Build a Pocket Prairie
What is a Pocket Prairie?
A pocket prairie is, typically, a small (often under 1 acre), urban planting featuring plants native to the highly imperiled coastal prairie ecosystem of Texas and Louisiana.
There really isn’t a lower limit to the size of these plantings nor is there any shape that they need take. They can be more or less formalized based on your aesthetic tastes, your neighbors receptivity to native plants, plant availability, ease of maintenance (more formalized plantings will need more maintenance), etc.
Step 1: Select and Assess the Site
Light: Selecting a site in full or mostly sunny condition is important. Pocket prairies placed in semi-shady or shady areas either get ‘leggy’ or don’t thrive.
Size: Select a pocket prairie size that can be maintained by your team. The smaller the team, the smaller the area should be - particularly if this pocket prairie is in a highly visible place
Border: All urban pocket prairies should sport an intentional border. Borders can be made up of mulch, stone, metal or plastic edging, etc. We often create intentional borders by juxtaposing well-groomed lawn with a pocket prairie and separating these two textures with one of the edgings mentioned above.
Assess: One of the great joys of creating pocket prairies is to see life rebound on a formerly blank landscape. You should consider documenting all the life found on your planting site before you begin its transformation. One way to do this, particularly if you are not a biologist or naturalist, is to document your observations using the iNaturalist app. Experts will offer you identification suggestions and as your pocket prairie comes to life you can continue to add species through your iNaturalist project.
Step 2: Prepare the Site
Removed Unwanted Species: Ridding the lawn or other area of invasive grasses/plants is a critical step. Oftentimes the sod or existing vegetation will need to be killed and/or removed to allow new plants to grow and thrive. There are a variety of ways to get rid of turf and other undesired species
Organic Herbicide: An organic herbicide can be made with orange oil, 20% vinegar (Southwest Fertilizer and some other stores carry this), and dishwashing soap. Here’s a recipe. Just know that this route will require probably 3-4 treatments and may be ineffective with super weeds like bermudagrass.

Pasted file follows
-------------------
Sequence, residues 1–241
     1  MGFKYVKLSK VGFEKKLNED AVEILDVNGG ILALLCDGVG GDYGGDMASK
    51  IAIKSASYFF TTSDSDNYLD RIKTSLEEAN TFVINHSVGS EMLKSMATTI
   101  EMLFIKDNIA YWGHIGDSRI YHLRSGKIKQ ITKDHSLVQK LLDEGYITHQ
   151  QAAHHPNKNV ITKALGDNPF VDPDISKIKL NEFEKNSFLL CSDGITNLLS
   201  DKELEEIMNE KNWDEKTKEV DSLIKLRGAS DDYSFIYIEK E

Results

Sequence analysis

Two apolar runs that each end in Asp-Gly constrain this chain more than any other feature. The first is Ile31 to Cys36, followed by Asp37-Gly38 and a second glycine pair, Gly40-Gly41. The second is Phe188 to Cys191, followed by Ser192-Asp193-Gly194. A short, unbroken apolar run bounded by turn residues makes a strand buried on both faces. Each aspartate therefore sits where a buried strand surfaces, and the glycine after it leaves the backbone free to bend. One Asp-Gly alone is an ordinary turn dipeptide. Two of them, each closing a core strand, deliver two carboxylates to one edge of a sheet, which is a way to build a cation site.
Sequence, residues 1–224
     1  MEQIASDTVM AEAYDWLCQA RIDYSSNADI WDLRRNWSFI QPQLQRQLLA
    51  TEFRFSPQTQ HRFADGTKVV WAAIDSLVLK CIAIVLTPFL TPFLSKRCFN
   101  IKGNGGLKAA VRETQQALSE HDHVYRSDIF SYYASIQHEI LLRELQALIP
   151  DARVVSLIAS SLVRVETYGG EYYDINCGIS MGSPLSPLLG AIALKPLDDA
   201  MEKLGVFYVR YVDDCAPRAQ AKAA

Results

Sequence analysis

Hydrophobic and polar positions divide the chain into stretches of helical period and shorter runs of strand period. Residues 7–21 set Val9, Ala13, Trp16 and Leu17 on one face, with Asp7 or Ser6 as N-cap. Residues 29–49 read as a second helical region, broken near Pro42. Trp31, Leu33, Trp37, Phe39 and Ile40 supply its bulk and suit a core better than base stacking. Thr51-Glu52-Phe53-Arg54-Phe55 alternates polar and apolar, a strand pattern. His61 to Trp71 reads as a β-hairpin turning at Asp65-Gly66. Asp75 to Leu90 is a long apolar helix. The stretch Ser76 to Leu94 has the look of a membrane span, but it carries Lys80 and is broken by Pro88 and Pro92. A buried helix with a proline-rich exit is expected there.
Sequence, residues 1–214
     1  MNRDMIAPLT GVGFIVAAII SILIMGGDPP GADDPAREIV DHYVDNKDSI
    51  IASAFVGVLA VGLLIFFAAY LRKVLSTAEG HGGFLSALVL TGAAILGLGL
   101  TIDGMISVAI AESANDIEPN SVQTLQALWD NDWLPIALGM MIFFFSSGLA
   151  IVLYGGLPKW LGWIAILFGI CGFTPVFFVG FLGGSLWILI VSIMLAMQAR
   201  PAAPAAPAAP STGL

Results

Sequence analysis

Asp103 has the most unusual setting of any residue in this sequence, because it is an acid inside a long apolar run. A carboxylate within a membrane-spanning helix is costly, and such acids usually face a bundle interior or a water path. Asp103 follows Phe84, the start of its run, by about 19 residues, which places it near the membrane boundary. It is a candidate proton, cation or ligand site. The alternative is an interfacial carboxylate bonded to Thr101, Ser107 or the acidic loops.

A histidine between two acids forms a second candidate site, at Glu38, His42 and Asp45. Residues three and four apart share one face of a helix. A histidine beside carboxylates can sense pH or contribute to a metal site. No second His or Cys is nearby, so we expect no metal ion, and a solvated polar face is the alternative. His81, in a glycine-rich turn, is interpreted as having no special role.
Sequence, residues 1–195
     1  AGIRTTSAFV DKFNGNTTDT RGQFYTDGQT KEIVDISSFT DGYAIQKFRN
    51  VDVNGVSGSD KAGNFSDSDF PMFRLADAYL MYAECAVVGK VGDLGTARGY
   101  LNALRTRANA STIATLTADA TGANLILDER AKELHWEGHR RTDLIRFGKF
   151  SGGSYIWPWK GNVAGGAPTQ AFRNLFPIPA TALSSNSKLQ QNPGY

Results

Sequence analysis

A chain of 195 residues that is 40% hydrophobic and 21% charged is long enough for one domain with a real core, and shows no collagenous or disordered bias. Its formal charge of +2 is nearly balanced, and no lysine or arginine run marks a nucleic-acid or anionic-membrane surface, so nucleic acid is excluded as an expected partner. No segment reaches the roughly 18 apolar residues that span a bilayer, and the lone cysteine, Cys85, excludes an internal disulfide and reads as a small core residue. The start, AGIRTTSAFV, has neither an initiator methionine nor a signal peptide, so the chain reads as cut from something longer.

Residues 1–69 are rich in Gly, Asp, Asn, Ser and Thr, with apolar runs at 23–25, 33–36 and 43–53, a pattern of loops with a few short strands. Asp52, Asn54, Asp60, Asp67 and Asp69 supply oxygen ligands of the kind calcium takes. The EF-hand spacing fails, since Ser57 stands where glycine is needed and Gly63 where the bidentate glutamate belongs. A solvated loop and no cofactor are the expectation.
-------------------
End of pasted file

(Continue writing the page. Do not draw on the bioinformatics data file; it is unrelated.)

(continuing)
Soil Solarization: A good summertime project is to a kill grass using the power of the soil. The basic idea is to mow the area short and maybe even do a light tilling. Afterwards a black, thick plastic sheeting is placed on top of the area and the summer sun kills the insulated grass. Click here for more info.
Chemical Herbicide: As a last resort, we sometimes must use herbicides like glyphosate (Roundup) if the site is loaded with a very hard to kill grass like bermudagrass. Sometimes two treatments are necessary during the growing session. Don’t try planting any plants/seeds for at least two to three weeks after herbicide treatment. ***Planting native seeds into a bed of bermudagrass or St. Augustine with the hopes that natives will outcome or "shade out" these exotic grasses is not a successful strategy and has led to much failure and frustration***
Step 3: Select Your Species
Obtaining seeds and plants
Select as many locally adapted prairie natives as your budget will allow. It is good to use a combination of both seeds and live plugs if possible. Seeds can be purchased through Native American Seed or Wild Seed Farms . If possible also join in a seed collecting trip to local prairie. Lan Shen (email@example.com) hosts many seed collecting trips and can connect you with an upcoming event.
Live plants can be purchased at the Houston Audubon Society’s Edith L. Moore Nature Sanctuary, Joshua’s Native Plants, Morningstar Prairie Plants, and sometime Buchannan’s Natives Plants.
Each fall the Native Plant Society of Texas – Houston Chapter also hosts a Wildscapes Workshop (September 22, 2018) were a variety of natives can be purchased. They also host a series of Native Landscaping classes each year.